Saint Keyne – Equal Rights for 5th Century Women

saint keyne

We often think of saints as somehow ethereal beings who did miraculous, unbelievable things in far-away lands and in times so distant from our own.  And let’s face it some of them very much live up to that reputation.  But we shouldn’t forget that they were actually real people.

The Real Saint Keyne

Saint Keyne was the daughter of  King Brychan of Wales and his wife, Gwlady.   And apart from being royal this was no ordinary 5th century family.  Brychan had an impressive 24 children with three different wives  (Christmas and birthdays must have been a nightmare).  His first wife, poor woman, produced 15 children for this mammoth brood and one of those was our lovely Keyne.

King Brychan with 11 of his children on his lap

Sadly her father Brychan hasn’t really made it into the history books for being anything other than a celebrated producer of numerous progeny!

As for his daughter, well, whether it was seeing her poor mother in a perpetual state of pregnancy or the call of something greater Keyne decided that married life was not for her.  Before leaving her home in Brecknock in South Wales she reportedly turned down the advances of several young suitors and she remained single until her dying day!

“St Keyne was a very lovely maiden and retained her chastity by the strength of her purity. She was also able to turn snakes into colis of stone.”

The folklore of Cornwall, 1975

A Woman on a Mission

Saint Keyne was a woman with a mission.  She wanted to see something of the world and spread a little Christianity on the way.  This she pretty much achieved, spending the rest of her life travelling through Wales, Somerset and Cornwall and according to legend founded numerous churches along the way. 

She is meant to have arrived in Cornwall in around 490AD and had a little holiday on St Michaels Mount, Penzance with her cousin, Saint Cadoc.  Saint Keyne you see came from a very saintly family, no less than 14 of her siblings were canonized.  Many of them have connections with Cornwall also – Morwenna, Clether, Nectan, Ive, Maybn to name just a few.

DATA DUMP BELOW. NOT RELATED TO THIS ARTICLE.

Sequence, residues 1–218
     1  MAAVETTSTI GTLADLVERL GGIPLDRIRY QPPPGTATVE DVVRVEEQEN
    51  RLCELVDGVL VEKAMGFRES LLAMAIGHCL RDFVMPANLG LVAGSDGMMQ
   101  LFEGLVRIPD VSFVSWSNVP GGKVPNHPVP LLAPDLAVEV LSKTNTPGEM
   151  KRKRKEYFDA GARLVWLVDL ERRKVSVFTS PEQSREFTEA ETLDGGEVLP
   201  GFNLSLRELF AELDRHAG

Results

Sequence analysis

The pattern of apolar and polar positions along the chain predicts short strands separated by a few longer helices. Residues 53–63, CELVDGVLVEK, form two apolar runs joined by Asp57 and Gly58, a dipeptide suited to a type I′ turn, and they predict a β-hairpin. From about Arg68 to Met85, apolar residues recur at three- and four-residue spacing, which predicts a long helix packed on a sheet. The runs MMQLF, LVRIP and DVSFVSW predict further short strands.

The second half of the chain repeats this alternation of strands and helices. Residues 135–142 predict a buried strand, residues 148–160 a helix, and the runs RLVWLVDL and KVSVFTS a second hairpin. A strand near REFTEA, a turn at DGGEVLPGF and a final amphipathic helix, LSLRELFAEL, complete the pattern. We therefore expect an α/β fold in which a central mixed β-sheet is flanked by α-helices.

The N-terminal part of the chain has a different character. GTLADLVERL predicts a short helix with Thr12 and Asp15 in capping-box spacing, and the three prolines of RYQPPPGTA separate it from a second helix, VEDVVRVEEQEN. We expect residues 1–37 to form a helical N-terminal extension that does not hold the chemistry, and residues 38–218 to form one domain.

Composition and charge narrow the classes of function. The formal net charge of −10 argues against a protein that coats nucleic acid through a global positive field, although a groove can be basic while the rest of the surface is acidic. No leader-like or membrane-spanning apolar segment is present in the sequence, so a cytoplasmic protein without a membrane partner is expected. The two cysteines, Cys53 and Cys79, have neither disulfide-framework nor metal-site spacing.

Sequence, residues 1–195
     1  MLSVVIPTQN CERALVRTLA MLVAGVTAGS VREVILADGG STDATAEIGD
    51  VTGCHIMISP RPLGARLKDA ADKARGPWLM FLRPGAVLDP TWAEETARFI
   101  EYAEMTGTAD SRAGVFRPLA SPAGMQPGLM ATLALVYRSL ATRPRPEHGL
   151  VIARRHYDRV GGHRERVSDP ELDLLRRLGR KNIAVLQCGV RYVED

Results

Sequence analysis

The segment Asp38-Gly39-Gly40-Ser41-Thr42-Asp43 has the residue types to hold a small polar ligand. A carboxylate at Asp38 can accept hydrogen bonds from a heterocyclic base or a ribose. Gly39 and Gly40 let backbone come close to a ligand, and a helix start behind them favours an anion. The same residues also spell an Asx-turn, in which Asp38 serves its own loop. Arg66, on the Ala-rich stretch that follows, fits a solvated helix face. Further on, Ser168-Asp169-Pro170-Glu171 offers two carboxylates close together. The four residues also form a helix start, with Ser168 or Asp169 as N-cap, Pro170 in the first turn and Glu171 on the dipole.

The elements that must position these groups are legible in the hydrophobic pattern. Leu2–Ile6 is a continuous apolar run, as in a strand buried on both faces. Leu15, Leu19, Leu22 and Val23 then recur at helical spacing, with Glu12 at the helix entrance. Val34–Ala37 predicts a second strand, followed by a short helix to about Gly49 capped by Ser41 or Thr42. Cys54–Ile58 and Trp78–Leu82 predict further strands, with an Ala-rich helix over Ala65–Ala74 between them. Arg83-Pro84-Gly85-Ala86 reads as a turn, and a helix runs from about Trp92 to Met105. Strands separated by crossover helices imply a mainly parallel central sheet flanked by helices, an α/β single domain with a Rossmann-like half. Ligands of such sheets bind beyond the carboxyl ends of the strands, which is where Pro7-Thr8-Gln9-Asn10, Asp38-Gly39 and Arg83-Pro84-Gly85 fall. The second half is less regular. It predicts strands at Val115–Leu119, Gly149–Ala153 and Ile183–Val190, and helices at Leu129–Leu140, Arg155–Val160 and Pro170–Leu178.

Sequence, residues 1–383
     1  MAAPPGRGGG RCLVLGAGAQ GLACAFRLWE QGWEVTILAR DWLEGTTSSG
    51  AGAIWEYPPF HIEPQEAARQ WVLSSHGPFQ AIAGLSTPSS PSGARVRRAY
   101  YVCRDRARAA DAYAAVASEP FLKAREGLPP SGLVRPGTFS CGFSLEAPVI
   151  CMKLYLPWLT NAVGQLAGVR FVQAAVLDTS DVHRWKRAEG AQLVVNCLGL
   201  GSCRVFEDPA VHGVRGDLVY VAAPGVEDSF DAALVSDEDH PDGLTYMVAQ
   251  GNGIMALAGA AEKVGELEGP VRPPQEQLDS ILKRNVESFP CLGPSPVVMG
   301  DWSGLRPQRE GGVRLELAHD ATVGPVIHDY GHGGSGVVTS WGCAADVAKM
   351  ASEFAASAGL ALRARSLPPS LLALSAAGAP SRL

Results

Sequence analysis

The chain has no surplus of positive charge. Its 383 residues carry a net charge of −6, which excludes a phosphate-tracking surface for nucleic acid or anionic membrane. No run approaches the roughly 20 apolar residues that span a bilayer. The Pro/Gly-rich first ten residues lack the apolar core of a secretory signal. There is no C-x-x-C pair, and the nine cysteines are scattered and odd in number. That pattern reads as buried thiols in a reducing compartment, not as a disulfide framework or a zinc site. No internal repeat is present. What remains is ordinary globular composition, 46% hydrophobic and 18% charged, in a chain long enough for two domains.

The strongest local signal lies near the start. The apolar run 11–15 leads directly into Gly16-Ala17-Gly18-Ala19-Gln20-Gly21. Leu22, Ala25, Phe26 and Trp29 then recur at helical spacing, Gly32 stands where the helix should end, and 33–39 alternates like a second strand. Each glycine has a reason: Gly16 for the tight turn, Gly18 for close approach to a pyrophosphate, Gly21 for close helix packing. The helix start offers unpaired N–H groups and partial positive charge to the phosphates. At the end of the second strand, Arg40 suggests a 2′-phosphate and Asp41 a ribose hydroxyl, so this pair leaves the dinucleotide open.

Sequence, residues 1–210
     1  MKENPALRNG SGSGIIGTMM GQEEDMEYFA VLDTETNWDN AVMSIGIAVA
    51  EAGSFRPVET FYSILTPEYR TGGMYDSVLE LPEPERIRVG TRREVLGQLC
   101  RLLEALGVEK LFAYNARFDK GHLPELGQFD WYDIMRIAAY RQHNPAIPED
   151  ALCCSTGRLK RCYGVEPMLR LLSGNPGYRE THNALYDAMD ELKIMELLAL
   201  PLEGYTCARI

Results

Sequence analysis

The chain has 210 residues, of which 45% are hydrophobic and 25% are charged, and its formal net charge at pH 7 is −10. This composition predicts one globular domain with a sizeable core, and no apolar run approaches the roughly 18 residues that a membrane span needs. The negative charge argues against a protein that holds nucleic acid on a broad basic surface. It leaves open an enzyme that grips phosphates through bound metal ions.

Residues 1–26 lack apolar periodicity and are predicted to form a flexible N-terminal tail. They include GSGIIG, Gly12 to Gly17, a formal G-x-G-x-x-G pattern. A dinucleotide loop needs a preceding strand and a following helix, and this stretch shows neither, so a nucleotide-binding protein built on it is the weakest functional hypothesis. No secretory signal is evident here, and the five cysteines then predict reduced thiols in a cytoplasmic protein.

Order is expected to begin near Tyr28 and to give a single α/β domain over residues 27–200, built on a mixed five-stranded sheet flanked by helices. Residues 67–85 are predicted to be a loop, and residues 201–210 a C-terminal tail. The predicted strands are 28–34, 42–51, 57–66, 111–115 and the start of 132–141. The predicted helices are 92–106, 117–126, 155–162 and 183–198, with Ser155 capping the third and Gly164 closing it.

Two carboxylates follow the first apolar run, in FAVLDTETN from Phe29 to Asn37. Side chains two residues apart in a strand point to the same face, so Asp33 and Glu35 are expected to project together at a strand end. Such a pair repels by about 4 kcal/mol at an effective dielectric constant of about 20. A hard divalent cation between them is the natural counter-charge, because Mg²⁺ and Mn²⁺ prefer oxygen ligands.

St. Keyne’s Holy Well

After a long life spreading the word of the Lord far and wide Saint Keyne decided to settle in Cornwall and made her home in a valley not far from Looe.  In this valley there was a beautiful spring of fresh running water and she loved the spot so much that she planted trees there to add some shade – an oak, an ash, a withy and an elm.  On her death bed she asked to be brought to lie beside it so that she could listen to the soothing babble of the stream.  It was this spring that Saint Keyne blessed with her dying breath and bestowed upon it a special power which every woman in the county soon heard of.

“This is Cornwall’s most famous well, for its waters provided mastery in marriage.”

For once here was a well that wasn’t supposed to cure rickets, infertility or lumbago! This well was meant to give equal rights to women!

Women Get the Upperhand

The story goes that who ever drank from this well would have the upper-hand in their marriage. For the first time perhaps a woman could not only have the chance at an equal partnership with their husband but also rule the roost.  John Murray wrote about the well in 1859 in his guide to Cornwall. He claimed that belief in it’s mystical powers was still common.  

Robert Southey also recorded the powers of the well a comical little rhyme:

A well there is in the west country

A clearer one never was seen.

There is not a wife in the west country

But has heard of the Well of Saint Keyne.

The poem tells the tale of a foolish Cornishman who is out-manoeuvred trying to reach the precious water of the well first when his smart wife takes a flask of it with her to the church on their wedding day:

I hastened as soon as the marriage was done

And left my wife in the porch

But in faith she was wiser than I

For she had took a bottle to the church

Sadly of course those trees Saint Keyne planted are long gone, Mabel and Lillian Quiller-Couch report in their guide to holy wells in 1894 that they were blown down in a fierce gale in 1709. It is however still a wonderfully secluded and beautiful spot to visit. 

I have to admit I did have a little sip of the water too . . . just in case!

Further reading

The Giant’s Crossing – Statue of Saint Piran, a journey to Brittany

Saint Germoe’s Chair

For another story of an interesting place near Looe try Cornwall’s Oldest Road

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15 thoughts on “Saint Keyne – Equal Rights for 5th Century Women

  1. I have a sci fi novel self-published. I chose for the instrument the name Malapert Press. A malapert is someone who delivers “saucy speech,” and even though the definition doesn’t say so, all the examples you can find are women. You won’t find a lad among them. So in reality, it’s “saucy speech from a woman.” Even though my little sci fi novel is intended for the most faithful of faithful Catholics (the characters set up a Catholic religious state on a terrific asteroid, for example) to whom a pert woman would be distasteful–I couldn’t help myself. Even in the Faith, there’s a bit of room for equaling things up. So then, I love this tale. Here’s to malaperts the world over.

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